Letter to the editor: Hydrogen hub should be viewed as a positive step for our community


Recently, there has been a lot of political drama around $1 billion in federal funding, Fortescue, the Economic Alliance of Lewis County and the Lewis County Commission. Drama aside, there is confusion around information, which is driving questions around the $1 billion. 

Recently, Commissioner Lindsey Pollock posed questions and comments because she did not receive answers for the information she asked for. The following is what I found in my brief research into her questions. I have provided supporting links with this letter.

Schools not seeing property tax benefit? 

I may be wrong, but I do not see where Fortescue would fall under the designation of a State Assessed Utility and qualify for the recent Green Energy Tax Incentive, which would give them an exemption from the assessed utility tax. I would assume this facility will be assessed as any other business property in Lewis County. With that will come taxes for our schools depending on the valuation of their property. There are federal incentives under the inflation reduction act that they should qualify for, but those incentives would not impact local tax rolls directly. Regardless, the incentives are there to encourage moving away from fossil fuels and toward more planet-friendly and sustainable energy choices.

300 megawatts (MW) needed to power the facility? 

The loss of the coal plants’ MW capacity has been planned for years and will be replaced with renewable sources from the power grid. The power Fortescue will use will come from renewable sources (primarily hydro and abundant), which is why Washington is attractive as a net-neutral choice. They will have to purchase their power, which will mean income to another Northwest power producer — a positive for other PNW renewable jobs in other communities.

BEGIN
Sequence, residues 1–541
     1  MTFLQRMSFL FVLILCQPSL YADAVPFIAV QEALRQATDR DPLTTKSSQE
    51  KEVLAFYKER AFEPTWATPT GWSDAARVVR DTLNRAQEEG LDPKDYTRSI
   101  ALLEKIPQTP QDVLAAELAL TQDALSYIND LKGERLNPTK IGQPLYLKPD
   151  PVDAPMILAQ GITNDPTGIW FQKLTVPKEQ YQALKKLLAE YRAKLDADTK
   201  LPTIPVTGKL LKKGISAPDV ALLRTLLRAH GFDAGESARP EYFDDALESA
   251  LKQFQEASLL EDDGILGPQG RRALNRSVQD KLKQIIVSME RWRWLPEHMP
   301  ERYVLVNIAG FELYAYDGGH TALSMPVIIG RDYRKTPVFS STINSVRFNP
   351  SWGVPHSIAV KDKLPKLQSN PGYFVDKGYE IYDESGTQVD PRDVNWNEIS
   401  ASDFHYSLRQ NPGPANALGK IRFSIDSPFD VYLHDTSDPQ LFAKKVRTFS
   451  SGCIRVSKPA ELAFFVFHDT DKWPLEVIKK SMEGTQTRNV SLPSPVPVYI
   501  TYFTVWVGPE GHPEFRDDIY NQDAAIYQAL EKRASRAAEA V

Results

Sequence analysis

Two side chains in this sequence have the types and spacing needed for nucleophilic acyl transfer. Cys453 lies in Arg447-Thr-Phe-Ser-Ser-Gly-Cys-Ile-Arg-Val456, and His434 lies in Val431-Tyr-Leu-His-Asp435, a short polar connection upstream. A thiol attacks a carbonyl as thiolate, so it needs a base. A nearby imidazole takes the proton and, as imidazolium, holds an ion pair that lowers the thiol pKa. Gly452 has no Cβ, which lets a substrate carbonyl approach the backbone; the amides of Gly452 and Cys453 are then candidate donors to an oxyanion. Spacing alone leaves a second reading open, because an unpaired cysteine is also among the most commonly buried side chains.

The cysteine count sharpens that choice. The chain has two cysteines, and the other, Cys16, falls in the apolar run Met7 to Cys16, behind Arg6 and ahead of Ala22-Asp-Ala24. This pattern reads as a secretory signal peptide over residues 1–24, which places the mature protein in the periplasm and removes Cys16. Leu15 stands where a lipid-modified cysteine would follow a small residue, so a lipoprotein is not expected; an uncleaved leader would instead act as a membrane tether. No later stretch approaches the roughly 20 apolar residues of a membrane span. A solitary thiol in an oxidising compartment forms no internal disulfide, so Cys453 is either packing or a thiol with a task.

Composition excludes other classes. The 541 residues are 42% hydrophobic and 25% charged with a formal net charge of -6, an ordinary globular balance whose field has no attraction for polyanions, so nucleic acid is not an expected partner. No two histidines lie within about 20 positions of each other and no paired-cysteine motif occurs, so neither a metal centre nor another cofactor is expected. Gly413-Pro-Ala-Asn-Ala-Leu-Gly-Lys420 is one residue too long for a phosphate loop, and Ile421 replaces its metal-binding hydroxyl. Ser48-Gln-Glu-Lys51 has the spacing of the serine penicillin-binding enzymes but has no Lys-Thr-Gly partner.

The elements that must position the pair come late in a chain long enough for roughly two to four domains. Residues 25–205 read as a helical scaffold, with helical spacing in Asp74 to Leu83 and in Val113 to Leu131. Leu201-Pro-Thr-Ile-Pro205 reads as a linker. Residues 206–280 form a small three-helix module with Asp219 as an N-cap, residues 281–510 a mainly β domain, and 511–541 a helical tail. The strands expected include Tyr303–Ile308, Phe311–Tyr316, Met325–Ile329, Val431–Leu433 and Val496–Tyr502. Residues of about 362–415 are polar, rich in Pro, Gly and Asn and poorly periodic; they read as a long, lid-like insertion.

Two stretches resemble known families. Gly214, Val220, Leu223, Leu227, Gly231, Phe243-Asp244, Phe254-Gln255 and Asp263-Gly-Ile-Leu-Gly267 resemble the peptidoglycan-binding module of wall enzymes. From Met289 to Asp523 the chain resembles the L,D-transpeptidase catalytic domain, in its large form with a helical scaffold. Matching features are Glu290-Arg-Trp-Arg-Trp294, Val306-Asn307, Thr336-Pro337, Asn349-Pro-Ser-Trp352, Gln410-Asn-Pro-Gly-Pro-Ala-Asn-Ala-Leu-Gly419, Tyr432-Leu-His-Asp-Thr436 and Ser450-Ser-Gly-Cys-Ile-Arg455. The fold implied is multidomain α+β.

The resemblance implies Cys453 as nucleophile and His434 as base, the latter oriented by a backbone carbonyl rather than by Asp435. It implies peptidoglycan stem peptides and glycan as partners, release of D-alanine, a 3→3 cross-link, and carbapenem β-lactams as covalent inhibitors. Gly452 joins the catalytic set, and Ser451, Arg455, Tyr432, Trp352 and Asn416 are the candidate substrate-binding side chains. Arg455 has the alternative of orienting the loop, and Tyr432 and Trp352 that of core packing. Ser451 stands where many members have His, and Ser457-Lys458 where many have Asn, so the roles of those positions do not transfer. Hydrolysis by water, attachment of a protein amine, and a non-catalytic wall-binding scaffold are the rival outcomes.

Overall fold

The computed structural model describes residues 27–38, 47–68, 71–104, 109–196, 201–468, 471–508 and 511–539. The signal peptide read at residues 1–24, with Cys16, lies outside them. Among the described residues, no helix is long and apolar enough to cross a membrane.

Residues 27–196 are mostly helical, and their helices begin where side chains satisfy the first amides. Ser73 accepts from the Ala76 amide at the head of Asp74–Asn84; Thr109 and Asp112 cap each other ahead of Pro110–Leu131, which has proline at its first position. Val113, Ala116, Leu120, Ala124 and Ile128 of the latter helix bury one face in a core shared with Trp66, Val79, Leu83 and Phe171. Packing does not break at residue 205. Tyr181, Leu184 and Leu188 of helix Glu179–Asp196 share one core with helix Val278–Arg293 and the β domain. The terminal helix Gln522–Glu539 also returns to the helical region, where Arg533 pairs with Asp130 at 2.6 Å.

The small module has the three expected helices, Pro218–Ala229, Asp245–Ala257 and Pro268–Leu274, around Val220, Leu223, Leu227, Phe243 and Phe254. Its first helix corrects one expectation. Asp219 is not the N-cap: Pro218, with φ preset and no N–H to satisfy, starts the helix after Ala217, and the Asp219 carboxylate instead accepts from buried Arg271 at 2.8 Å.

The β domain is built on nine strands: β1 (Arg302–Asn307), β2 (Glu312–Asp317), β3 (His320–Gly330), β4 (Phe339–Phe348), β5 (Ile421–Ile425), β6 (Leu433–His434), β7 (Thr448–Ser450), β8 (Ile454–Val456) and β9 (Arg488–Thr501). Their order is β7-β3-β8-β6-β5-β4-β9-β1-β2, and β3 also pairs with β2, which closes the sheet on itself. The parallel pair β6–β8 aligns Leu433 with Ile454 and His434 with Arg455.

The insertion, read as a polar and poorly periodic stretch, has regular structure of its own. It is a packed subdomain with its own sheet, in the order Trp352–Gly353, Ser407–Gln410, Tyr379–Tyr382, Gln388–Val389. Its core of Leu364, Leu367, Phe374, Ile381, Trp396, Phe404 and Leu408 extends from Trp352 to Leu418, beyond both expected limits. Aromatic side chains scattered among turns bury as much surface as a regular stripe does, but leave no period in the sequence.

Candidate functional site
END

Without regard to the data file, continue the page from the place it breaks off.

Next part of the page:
Hydrogen going to China? 

One article shows that produced hydrogen is earmarked for multiple Western Washington entities already, including Amazon, heavy truck maker PACCAR, and the Northwest Seaport Alliance.

Where are the jobs? 

The exact number is unclear as the scope of the project is not determined. Sean Swope is way off base in quoting 10,000 jobs in The Chronicle. The 10,000 is for the entire Northwest hydrogen hub, which includes other locations, and the number includes construction jobs (over 8,000 of the 10,000). Regardless, 35 to 65 permanent high-paying jobs are better than zero if that is the number.

Overall, we should look at this project as a positive for the direction our community should go. It demonstrates prudent use of existing land and infrastructure and leaves room for other businesses at the same location in the future. Bigger is not always better. It is less risky not to rely on one or two large employers in our community and spread the job base around to a variety of business segments. It is a good approach to start branding our community as an innovative hub with progressive and forward-thinking intentions. This will encourage further investment into our community. We will all benefit from that in the long run.


Matt Evans